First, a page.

• Functional diversity and identity of plant genotypes regulate rhizodeposition and soil microbial activity

      Semchenko, Marina; orcid: 0000-0001-6196-3562; email: marina.semchenko@manchester.ac.uk; Xue, Piao; Leigh, Tomas; orcid: 0000-0003-4103-8649 (2021-08-04)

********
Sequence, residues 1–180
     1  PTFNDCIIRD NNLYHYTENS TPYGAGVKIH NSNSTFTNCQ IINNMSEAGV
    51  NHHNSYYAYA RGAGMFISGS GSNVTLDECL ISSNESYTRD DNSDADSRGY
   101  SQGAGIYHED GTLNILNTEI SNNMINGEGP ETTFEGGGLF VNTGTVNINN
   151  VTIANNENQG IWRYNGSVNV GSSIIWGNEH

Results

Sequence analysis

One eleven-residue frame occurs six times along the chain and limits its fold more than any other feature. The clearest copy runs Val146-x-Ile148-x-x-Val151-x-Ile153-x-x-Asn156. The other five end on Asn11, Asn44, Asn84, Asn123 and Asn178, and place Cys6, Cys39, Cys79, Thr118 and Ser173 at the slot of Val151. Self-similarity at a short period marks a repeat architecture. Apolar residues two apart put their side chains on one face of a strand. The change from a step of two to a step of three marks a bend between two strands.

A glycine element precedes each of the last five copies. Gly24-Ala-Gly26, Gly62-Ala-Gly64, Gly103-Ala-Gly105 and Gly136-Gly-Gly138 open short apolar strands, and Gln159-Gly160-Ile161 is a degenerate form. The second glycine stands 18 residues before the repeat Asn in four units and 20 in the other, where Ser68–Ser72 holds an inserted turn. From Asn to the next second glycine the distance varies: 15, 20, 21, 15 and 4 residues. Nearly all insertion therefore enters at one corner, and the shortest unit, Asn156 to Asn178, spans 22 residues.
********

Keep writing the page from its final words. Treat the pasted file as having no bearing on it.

Summary: Our understanding of the linkages between plant diversity and soil carbon and nutrient cycling is primarily derived from studies at the species level, while the importance and mechanisms of diversity effects at the genotype level are poorly understood. Here we examine how genotypic diversity and identity, and associated variation in functional traits, within a common grass species, Anthoxanthum odoratum, modified rhizodeposition, soil microbial activity and litter decomposition. Root litter quality was not significantly affected by plant genotypic diversity, but decomposition was enhanced in soils with the legacy of higher genotypic diversity. Plant genotypic diversity and identity modified rhizodeposition and associated microbial activity via two independent pathways. Plant genotypic diversity enhanced soil functioning via positive effects on variation in specific leaf area and total rhizodeposition. Genotype identity affected both rhizodeposit quantity and quality, and these effects were mediated by differences in mean specific leaf area, shoot mass and plant height. Rhizodeposition was more strongly predicted by aboveground than belowground traits, suggesting strong linkages between photosynthesis and root exudation. Our study demonstrates that functional diversity and identity of plant genotypes modulates belowground carbon supply and quality, representing an important but overlooked pathway by which biodiversity affects ecosystem functioning.